Fig. 2 Forest plot of the sensitivity and specificity of included study, summary sensitivity and specificity and I2 statistic for heterogeneity. 

Fig. 3 Forest plot of LR+ and LR- of included study, summary sensitivity and specificity, and I2 statistic for heterogeneity. 

Fig. 4 Summary receiver operating characteristic (sROC) curve for QFR. 

Meta-regression Analysis and Subgroup Analysis

Meta-regression was performed using the potential sources of heterogeneity among studies (age, country, sex, different inclusion criteria). We found no factor effecting the diagnostic accuracy.

Emori, et al.[13] and Mejia-Renteria, et al.[9] included patients with previous MI that might affect the diagnostic accuracy. Exclusion of these two trials slightly improved the specificity (0.90, 0.87-0.92), but did not affect sensitivity.

DISCUSSION

In the present study, we performed a systematic review of the diagnostic performance of QFR for functional significance of intermediate coronary artery stenosis compared with invasive FFR. Data from 1175 vessels in 1047 patients showed the situation in which QFR is helpful for surgeons to determine whether stents should be implanted at no additional cost, time, and effort. Our study is the first systemic review and meta-analysis that evaluates the diagnostic accuracy of QFR for the assessment of functionally significant stenosis confirmed by FFR.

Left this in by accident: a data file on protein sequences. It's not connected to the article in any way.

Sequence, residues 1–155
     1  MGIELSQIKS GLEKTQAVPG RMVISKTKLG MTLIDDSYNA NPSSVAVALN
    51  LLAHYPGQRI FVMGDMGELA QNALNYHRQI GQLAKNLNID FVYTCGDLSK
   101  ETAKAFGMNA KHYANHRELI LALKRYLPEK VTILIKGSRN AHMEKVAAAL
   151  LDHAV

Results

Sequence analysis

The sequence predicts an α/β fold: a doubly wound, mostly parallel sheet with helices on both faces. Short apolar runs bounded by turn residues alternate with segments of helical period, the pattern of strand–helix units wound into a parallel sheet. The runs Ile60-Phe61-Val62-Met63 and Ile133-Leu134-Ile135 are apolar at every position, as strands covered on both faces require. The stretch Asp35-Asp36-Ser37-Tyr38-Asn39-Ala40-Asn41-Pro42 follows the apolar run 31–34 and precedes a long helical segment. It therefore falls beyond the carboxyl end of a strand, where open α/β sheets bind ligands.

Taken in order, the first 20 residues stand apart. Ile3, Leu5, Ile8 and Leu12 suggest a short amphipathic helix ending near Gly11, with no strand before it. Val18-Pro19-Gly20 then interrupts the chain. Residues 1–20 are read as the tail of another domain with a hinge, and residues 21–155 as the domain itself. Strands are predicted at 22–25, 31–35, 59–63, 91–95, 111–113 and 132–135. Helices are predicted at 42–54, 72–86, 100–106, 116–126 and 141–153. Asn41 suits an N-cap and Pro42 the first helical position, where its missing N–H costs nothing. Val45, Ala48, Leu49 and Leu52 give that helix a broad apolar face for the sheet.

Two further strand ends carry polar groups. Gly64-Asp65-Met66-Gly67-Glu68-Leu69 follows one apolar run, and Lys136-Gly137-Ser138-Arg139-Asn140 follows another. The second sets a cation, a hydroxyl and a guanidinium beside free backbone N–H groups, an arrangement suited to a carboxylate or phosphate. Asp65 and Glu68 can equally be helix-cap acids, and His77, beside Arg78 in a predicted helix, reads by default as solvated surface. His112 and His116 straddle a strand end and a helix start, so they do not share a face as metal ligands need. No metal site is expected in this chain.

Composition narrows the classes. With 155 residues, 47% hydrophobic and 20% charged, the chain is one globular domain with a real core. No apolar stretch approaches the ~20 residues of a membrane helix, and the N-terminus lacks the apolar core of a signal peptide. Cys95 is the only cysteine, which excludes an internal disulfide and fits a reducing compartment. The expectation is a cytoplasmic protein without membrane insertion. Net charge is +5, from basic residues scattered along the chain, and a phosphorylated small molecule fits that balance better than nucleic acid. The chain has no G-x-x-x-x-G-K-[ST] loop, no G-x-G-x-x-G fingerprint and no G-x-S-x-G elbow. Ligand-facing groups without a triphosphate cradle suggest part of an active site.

FFR-guided percutaneous coronary intervention (PCI) is associated with a better outcome compared with revascularization based on angiographic stenosis severity alone in patients with intermediate coronary artery stenosis[2,16,17]. FFR has the highest recommendation (class I, level A) in the European Society of Cardiology guideline on myocardial revascularization[18]. Although FFR has better outcomes in patients with intermediate coronary artery stenosis, the clinical application has been limited due to the invasive procedure with a pressure wire, the cost of pressure wire, and the side effects associated with induction of hyperemia. QFR, an angiographic index of coronary stenosis severity based on 3D QCA and thrombolysis in myocardial infarction (TIMI) frame counting, estimates FFR without invasive procedure[4]. FAVOR Pilot Study and FAVOR II China study have shown good agreement of QFR with invasive FFR[4,5]. However, the simple size was too small. Our meta-analysis included[9] studies of which the majority were performed in China and Japan from 2016 to 2018, with a total of 1175 vessels in 1047patients, and demonstrated that the diagnostic accuracy of QFR for functionally significant stenosis confirmed by FFR was high, with a summary sensitivity and specificity of 0.89 (95% CI: 0.86-0.92) and 0.88 (95% CI: 0.86-0.91), respectively.

Our studies included different study populations (stable coronary artery disease, suspected coronary artery disease, STEMI, previous MI). However, our meta-regression showed that different study populations did not affect our diagnostic accuracy. QFR was more often used in patients with stable coronary artery disease. A recent study has found that QFR may be a safe and reliable tool to guide revascularization in patients with STEMI and multivessel disease. Furthermore, Spitaleri found that functional complete revascularization evaluated by QFR showed a good 5-year outcome[12].